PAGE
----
Recommendation: To help fulfill CMS's responsibilities, the Administrator of CMS should develop, as part of its approach for meeting the one-third audit requirement, additional procedures for following up on results of the OACT bid audits and results of the financial reviews. These procedures should clearly address: (1) how CMS will annually ensure that findings and observations from the bid audits are addressed before the next year's bids are approved, (2) how CMS will annually ensure that findings from the financial reviews are addressed before the subsequent year's bids are approved, (3) the supporting documentation that must be retained to show that the findings and observations from bid audits and findings from the financial reviews were addressed, and (4) how CMS reviews audit findings to determine if intermediate sanctions are warranted.

    Agency Affected: Department of Health and Human Services: Centers for Medicare and Medicaid Services

  2. Status: Open

    Comments: In its comment letter to our report, CMS concurred with our third recommendation and would seek legislative authority to amend its implementing regulations, if necessary. However, in July 2011, CMS officials informed GAO they would not amend or request an amendment to its implementing regulations. Furthermore, CMS officials stated that its regulations (42 CFR Section 422.504(e) and Section 423.505(e)) provided it the authority to conduct an on-site audit and inspection to evaluate compliance with regulations and address identified deficiencies and concluded that no additional action is required. However, these regulations do not provide the authority to CMS to address identified deficiencies, including pursuit of recoveries from Medicare Advantage Organizations (MAOs) and Medicare Part D Prescription Drug Plan sponsors (PDPs). The regulations provide CMS the authority, among others, to access and inspect or audit the books, contracts, medical records, and other documentation of MAOs and PDPs; however, the regulations do not provide any general guidelines or specific details to address identified deficiencies, including pursuit of financial recoveries as a requirement of MAOs and PDPs contracting with CMS. Consequently, while GAO continues to believe that additional action is warranted in this area, CMS has not yet taken action to address our recommendation.

    Recommendation: To help fulfill CMS's responsibilities, the Administrator of CMS should amend the implementing regulations for the Medicare Advantage Program and Prescription Drug Program to provide that all contracts CMS enters into with Medicare Advantage organizations and prescription drug plan sponsors include terms that inform these organizations of the audits and give CMS authority to address identified deficiencies, including pursuit of financial recoveries. If CMS does not believe it has the authority to amend its implementing regulations for these purposes, it should ask Congress for express authority to do so.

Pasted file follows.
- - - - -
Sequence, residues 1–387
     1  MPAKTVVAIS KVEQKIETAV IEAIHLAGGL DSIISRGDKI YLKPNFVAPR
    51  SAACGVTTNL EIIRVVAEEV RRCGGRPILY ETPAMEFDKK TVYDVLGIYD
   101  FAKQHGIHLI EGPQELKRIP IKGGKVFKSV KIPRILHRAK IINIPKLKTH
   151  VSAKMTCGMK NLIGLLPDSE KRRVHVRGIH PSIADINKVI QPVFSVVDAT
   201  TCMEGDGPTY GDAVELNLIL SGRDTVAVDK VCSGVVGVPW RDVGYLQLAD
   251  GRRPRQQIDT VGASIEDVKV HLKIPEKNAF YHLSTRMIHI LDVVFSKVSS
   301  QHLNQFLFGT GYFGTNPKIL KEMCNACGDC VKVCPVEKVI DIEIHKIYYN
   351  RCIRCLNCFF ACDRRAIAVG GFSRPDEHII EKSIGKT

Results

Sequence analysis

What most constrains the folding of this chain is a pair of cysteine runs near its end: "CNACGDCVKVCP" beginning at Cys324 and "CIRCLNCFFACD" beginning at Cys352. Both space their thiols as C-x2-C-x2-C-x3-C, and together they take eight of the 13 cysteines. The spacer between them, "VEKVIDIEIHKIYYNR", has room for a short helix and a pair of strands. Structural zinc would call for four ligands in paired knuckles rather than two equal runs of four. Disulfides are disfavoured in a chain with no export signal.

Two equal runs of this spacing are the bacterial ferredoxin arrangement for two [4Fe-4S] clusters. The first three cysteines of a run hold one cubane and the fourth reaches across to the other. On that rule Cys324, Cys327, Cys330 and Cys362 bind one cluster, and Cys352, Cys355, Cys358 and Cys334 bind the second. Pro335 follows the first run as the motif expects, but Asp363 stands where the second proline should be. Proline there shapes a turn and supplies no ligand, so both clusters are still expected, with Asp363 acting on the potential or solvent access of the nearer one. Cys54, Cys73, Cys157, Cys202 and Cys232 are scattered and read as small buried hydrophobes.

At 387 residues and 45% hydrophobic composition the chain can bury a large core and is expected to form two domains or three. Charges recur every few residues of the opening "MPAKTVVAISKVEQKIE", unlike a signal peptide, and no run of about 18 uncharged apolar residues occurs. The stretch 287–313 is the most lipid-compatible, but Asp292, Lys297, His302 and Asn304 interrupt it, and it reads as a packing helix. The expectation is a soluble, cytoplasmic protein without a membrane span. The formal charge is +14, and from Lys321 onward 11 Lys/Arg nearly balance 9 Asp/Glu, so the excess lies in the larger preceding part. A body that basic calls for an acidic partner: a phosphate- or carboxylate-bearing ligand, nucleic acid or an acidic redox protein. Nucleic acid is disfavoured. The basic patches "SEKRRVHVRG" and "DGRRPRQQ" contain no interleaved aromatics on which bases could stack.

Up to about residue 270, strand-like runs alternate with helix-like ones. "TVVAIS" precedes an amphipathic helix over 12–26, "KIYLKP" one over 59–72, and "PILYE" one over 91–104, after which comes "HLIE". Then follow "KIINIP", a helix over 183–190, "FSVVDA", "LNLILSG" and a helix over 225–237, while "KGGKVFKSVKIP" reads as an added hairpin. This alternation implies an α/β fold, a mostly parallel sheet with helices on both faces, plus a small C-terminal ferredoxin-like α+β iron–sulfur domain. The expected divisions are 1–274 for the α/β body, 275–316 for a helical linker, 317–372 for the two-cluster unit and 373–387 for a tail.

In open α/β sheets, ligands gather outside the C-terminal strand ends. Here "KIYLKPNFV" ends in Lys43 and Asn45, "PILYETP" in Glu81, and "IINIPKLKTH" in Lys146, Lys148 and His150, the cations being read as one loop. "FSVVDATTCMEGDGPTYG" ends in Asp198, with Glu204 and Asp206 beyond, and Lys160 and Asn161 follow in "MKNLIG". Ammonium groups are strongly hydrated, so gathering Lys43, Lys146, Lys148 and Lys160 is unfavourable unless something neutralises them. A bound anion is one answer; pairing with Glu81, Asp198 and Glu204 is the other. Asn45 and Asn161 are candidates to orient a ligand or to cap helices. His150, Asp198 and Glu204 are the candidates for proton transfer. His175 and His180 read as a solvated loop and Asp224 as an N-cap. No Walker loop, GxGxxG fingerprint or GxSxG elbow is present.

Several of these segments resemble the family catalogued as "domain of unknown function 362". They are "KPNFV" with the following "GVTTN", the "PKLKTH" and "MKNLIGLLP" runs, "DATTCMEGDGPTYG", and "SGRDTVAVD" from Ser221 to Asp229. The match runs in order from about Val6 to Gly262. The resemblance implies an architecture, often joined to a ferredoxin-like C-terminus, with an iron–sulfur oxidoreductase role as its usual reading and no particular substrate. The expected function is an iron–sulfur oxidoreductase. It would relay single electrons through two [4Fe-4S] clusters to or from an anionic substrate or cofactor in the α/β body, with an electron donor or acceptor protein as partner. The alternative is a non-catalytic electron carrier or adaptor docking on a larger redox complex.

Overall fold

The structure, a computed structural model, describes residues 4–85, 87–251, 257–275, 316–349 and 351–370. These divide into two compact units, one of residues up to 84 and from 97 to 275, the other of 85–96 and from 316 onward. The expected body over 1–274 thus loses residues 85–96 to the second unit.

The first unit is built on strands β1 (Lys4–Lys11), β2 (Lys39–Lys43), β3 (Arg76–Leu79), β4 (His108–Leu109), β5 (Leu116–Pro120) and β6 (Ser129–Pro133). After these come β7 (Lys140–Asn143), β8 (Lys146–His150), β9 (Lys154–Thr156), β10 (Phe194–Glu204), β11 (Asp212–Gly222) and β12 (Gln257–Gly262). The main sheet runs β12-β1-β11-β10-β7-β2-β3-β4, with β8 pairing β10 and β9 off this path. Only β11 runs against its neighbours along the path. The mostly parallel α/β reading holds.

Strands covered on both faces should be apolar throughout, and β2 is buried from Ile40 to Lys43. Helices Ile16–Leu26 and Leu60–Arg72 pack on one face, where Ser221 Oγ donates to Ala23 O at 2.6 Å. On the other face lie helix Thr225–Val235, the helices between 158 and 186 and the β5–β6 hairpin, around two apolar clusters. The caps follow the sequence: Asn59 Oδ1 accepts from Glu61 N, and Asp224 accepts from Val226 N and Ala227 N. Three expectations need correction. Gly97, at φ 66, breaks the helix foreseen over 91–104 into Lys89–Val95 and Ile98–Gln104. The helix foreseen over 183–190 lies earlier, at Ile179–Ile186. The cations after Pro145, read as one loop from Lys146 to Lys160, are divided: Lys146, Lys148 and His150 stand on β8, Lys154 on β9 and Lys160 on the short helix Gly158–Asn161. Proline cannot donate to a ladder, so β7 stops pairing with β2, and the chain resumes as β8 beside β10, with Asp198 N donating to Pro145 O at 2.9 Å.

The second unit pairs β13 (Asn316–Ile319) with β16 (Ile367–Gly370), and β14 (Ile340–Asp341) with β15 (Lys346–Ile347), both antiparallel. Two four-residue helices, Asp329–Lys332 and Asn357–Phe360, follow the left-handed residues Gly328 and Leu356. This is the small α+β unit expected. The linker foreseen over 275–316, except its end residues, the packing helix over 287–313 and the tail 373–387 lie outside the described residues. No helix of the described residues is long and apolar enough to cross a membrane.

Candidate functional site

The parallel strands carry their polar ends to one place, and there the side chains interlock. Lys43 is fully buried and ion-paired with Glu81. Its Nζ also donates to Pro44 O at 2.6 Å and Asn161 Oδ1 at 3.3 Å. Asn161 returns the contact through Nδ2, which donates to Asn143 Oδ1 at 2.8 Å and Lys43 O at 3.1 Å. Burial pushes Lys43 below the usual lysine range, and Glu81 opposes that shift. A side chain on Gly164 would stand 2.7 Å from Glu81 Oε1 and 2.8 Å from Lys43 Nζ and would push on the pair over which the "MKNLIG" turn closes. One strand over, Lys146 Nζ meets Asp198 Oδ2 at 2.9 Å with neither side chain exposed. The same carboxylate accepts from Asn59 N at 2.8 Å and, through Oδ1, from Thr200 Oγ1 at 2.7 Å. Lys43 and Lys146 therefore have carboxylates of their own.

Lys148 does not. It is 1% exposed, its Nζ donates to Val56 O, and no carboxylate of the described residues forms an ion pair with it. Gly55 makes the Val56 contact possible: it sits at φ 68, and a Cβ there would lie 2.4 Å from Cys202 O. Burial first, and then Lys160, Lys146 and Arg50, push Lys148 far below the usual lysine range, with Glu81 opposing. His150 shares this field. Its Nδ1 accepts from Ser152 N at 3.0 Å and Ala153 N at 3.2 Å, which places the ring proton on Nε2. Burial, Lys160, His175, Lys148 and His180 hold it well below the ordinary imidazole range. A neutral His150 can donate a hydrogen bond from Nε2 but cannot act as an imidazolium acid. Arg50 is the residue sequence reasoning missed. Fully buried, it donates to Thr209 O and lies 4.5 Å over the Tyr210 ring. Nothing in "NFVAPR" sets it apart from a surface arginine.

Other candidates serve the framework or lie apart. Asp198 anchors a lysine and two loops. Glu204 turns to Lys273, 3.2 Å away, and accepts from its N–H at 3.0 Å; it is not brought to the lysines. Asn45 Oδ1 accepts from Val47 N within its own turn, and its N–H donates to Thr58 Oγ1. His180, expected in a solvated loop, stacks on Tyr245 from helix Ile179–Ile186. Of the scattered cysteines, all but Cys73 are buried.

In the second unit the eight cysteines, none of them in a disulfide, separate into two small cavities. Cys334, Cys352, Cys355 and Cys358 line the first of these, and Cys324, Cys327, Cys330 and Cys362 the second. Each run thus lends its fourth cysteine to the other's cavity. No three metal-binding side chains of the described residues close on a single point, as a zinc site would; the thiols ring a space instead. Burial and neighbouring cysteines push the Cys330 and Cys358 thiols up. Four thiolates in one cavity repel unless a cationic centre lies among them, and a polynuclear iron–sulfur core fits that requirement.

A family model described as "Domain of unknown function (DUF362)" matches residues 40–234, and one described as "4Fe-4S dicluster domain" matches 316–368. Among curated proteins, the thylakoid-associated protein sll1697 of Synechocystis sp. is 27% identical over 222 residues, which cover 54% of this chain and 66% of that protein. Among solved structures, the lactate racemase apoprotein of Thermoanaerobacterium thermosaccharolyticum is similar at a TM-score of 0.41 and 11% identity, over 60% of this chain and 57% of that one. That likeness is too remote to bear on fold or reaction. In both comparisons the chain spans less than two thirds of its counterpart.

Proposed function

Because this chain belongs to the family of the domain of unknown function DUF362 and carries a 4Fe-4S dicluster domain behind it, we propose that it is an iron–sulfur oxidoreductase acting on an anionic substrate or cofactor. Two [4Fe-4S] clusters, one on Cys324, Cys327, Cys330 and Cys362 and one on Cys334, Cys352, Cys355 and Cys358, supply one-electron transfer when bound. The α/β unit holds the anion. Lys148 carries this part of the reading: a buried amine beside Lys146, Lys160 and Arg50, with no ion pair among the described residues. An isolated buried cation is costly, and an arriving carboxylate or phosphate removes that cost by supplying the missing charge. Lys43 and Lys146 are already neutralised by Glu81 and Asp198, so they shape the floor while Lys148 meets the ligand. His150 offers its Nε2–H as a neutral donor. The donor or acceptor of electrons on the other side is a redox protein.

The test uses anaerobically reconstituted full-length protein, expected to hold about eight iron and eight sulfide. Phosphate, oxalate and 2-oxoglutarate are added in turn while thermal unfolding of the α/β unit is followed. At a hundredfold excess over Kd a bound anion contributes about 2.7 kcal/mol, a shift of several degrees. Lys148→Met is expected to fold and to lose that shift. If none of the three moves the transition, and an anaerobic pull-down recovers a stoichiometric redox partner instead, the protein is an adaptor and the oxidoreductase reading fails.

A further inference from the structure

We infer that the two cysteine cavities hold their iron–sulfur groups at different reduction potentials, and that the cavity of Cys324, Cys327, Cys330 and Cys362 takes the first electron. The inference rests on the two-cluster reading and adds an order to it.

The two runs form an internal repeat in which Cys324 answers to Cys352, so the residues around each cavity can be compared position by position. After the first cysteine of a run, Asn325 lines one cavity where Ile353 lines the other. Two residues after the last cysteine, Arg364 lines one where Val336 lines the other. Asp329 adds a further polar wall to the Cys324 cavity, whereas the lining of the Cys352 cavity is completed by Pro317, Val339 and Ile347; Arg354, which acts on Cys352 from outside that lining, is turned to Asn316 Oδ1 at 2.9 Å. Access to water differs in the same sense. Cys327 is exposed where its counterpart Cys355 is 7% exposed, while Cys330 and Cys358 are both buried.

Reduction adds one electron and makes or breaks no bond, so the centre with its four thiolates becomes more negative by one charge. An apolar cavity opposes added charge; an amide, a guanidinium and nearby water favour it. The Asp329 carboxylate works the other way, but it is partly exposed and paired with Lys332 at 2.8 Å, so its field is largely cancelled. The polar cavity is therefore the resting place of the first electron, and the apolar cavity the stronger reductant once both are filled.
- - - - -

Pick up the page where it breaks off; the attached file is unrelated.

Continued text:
Agency Affected: Department of Health and Human Services: Centers for Medicare and Medicaid Services

  3. Status: Closed - Implemented

    Comments: On January 11, 2010, CMS updated its written procedures to conduct, monitor, and manage financial audits of Medicare Advantage Organizations and Prescription Drug Plans. These procedures, Division of Capitated Plan Audits - Standard Operating Procedures for Financial Audits of Medicare Advantage Organizations (MAOs) and Prescription Drug Plans (PDPs), are intended to meet the one-third audit requirement for contract year 2006 and subsequent years. As such, no other planned financial reviews are performed to meet the one-third audit requirement. CMS's guidance includes procedures for annually identifying the organization whose bid submissions and the supporting documentation that must be retained to show the audit requirement was met. Examples of documentation include the audit notification letter, audit report desk review, and Medicare Advantage Organizations responses to the audit results. The guidance also cites Medicare regulations, which require that the audit documentation must be maintained for 10 years and that the Comptroller General, among others, has the right to inspect, evaluate, and audit these records. In addition, these procedures include the contractor's Statement of Work that outline reporting requirements and deliverables to CMS to support audit work conducted and to provide results in a timely manner. CMS developed an updated audit plan in October 2008 to conduct the financial audits, Division of Capitated Plan Audit Uniform Examination Program for Medicare Advantage Organizations and Prescription Drug Plans, to include procedures to help identify misrepresentations and falsifications in the information furnished under the Medicare Advantage program such as verifying the validity, accuracy, and propriety of various types of costs claimed by Medicare Advantage Organizations and Prescription Drug Plans. Key areas of focus include related-party transactions, duplicate payments to medical service providers, and a financial solvency review.